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rather that what is needed is a proper assessment of the child, the family and the impact of the child upon the family before they are placed. Currently, foster carers are approved by local fostering panels based in local authorities, voluntary child-care agencies, or independent fostering agencies. A foster carer who wishes to work elsewhere – with another agency or in another local authority area – has to resign as a carer from one local authority and then be re-assessed and re-approved by another. Compare this with the situation for teachers, social workers, doctors and nurses (as well as other professionals, like accountants and architects) who are registered with a national regulator, which allows their registration to be portable. The Green Paper, Care Matters (Department for Education and Skills 2006) proposed that foster carers should be registered, like the others in social care with whom they work, with the General Social Care Council. However, this did not find its way into the Children and Young Persons Act that was going through Parliament at the time of writing. Such changes to the foster care service would allow it to develop professionally. It would be supported by standards of practice that could address the issues of placement stability, placement choice, appropriate record keeping, and continuous professional development, and national registration. A high-quality professional fostering service is one that recognizes: ·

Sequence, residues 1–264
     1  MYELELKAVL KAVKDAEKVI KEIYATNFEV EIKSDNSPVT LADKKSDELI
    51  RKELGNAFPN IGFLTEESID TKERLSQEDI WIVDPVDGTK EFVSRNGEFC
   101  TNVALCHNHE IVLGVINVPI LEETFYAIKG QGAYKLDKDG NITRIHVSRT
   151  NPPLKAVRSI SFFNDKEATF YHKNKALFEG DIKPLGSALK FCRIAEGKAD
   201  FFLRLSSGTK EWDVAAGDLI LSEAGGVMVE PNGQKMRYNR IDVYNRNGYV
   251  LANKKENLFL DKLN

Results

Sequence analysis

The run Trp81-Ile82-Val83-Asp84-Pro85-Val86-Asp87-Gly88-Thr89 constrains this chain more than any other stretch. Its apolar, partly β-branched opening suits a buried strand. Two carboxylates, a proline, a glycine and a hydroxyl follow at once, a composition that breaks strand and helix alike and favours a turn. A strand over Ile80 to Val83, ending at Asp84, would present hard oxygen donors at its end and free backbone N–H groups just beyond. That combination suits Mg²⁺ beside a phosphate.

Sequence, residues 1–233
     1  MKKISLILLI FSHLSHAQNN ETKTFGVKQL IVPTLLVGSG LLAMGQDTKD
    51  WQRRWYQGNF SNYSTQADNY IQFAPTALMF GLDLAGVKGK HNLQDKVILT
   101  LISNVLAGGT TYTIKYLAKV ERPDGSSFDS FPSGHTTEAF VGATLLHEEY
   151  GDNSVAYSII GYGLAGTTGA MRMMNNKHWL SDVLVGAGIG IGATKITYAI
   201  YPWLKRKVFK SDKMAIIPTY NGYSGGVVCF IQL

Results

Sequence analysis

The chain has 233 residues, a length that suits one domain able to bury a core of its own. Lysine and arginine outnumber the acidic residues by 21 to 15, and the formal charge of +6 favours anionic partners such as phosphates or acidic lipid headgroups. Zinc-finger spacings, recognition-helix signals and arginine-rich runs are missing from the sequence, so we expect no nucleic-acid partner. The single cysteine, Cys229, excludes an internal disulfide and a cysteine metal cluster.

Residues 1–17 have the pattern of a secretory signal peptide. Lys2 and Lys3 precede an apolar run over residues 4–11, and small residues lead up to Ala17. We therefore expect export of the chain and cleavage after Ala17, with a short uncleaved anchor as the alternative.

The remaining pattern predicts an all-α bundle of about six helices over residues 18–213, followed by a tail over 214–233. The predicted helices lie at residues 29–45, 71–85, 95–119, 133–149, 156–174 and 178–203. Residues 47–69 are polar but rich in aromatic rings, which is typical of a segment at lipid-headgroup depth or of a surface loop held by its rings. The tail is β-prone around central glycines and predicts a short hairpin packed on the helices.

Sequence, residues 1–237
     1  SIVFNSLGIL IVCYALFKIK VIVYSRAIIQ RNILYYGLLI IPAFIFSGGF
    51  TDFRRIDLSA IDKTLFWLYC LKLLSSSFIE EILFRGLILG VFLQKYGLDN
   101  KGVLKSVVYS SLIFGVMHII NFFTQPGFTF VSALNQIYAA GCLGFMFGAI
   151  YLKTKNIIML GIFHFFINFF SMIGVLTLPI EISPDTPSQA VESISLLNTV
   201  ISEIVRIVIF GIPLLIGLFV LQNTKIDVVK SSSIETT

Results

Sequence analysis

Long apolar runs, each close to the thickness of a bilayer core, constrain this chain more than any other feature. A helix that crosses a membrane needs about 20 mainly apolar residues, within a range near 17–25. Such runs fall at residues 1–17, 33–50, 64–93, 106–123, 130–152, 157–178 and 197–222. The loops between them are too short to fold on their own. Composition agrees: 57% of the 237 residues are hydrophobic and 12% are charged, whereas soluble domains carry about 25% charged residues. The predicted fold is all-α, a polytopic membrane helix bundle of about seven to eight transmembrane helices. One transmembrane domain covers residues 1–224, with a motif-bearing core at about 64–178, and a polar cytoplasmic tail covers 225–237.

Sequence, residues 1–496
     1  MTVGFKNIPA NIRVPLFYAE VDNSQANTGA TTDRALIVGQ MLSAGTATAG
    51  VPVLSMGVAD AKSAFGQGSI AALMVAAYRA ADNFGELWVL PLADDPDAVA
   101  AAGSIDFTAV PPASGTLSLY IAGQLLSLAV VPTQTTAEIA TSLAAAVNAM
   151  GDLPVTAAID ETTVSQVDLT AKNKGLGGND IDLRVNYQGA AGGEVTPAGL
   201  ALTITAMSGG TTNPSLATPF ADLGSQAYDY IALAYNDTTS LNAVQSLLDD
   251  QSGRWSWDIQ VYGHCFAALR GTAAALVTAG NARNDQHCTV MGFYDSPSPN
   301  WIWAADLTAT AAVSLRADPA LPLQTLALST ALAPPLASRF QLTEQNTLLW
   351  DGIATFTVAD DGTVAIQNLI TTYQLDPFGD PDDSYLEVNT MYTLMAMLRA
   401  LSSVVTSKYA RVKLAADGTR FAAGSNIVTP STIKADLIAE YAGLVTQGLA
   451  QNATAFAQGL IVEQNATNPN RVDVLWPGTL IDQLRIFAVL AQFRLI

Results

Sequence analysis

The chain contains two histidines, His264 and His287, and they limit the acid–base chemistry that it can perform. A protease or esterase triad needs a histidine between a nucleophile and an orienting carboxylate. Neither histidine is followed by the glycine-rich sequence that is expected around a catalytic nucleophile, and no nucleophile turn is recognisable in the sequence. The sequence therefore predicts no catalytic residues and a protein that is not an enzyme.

the importance of the child

·

the true cost of fostering

·

the value of the carer

·

the importance of the child’s parents; and

·

the need for training and continuous professional development.

Research by Berridge (2005) has shown that: Overall, carers should feel part of a team. Whatever its other merits, training for foster carers had no simple, direct link with improved child-care outcomes. The studies [on which Berridge draws] did not provide evidence that any particular organizational structure for fostering services produced better outcomes. (p.8)